We don’t always think about what will happen if our assistance dog outlives us. Usually our focus is on the grief we’ll feel when our beloved dog goes before us, since dogs usually have a short lifespan.
But planning ahead to make sure your assistance dog is cared for if you die before they do is important. A pet trust is a legal mechanism recognized in most states. It allows you to plan for the care of your dog, including providing the financial means to do so.
First, if you got your assistance dog from an agency, you have to determine whether or not you own your dog. Some agencies retain ownership while some agencies turn over ownership to the recipient. This is an important question to answer before you proceed.
You may think that a provision in your will covers the care of your dog, but it offers no guarantee. A pet trust, a type of “honorary trust,” must be established for your wishes to be enforceable. Cornell’s “DOGWatch” newsletter recently took on this topic in detail, and here are some of the points they raised.
Since dogs are considered property by law, and can’t directly receive an inheritance, a trustee and caregiver are needed for a pet trust. The trustee is the person who manages the funds of the trust and the caregiver, who may or may not be the same person as the trustee, is the one actually taking care of the dog. Naming more than one caregiver is wise. You are the settler or grantor of the trust, the person who creates it. The beneficiary of the trust is your dog.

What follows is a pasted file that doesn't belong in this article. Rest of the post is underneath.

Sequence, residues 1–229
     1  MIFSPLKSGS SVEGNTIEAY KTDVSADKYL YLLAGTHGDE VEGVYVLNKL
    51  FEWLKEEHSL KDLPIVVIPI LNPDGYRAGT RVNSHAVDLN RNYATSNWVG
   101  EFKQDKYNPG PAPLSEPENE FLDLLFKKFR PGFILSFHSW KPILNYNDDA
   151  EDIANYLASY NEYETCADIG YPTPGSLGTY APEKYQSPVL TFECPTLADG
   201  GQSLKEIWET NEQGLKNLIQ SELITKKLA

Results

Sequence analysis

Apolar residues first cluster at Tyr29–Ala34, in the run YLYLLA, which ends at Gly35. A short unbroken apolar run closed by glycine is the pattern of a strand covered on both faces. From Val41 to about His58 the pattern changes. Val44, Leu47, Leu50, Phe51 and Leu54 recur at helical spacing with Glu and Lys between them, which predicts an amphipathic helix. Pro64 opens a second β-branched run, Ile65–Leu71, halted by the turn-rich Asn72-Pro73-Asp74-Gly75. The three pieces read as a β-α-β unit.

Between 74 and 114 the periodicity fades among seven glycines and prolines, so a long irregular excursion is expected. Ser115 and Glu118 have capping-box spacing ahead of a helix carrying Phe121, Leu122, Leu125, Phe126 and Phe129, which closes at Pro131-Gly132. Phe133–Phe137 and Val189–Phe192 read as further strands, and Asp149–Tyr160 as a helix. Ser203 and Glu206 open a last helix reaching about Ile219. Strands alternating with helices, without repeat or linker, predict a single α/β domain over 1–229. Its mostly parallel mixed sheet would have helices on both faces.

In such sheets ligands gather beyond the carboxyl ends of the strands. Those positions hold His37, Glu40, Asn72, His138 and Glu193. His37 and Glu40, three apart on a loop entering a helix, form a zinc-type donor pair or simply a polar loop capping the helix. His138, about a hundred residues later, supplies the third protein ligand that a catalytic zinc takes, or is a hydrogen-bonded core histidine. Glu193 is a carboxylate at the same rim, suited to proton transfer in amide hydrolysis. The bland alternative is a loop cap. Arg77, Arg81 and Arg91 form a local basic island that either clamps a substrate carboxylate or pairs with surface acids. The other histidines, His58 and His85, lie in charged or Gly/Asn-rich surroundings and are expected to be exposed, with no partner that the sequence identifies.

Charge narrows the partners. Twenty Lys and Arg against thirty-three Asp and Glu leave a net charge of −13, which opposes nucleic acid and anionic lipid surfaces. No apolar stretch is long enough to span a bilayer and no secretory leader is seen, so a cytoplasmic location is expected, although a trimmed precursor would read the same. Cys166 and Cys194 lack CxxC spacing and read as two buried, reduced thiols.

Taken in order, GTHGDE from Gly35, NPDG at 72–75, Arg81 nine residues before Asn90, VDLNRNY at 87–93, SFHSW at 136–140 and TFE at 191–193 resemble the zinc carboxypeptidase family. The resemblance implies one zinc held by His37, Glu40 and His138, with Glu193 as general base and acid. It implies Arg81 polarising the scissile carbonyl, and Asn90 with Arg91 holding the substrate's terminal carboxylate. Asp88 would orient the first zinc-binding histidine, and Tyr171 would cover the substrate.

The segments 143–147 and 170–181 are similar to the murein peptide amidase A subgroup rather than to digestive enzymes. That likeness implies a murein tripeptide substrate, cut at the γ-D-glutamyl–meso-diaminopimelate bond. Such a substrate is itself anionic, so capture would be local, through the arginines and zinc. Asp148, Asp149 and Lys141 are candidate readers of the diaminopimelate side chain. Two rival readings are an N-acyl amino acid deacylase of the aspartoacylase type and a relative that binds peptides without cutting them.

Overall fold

Whether you find the forms for your pet trust online or hire an attorney, the main thing is getting the trust set up so you know your assistance dog will be cared for in the manner you feel is important. As long as the details you spell out are not considered by the court to be “capricious,” and the amount of money is not considered excessive (like the $12 million Leona Helmsley left for her dog), the trust should be enforceable.
To make sure your wishes are carried out, you will not only have to set up the trust, but also take additional steps including:
- Talk to your caregiver(s) and make sure they’re willing to take on the responsibility.
- Spell out specific details of care for your dog.
- Make sure enough money is set aside for your dog’s care over his expected lifetime, plus something for the caregiver’s time.
- Give copies of the trust to the trustee and caregiver(s).
To you, your assistance dog is a partner and family member. In the eyes of the law, he or she is just a piece of property. I want to make sure that Whistle has the best care possible if I die before him. Plan ahead with a pet trust to ensure your assistance dog is cared for, even if they outlive you.Image courtesy of africa / FreeDigitalPhotos.net.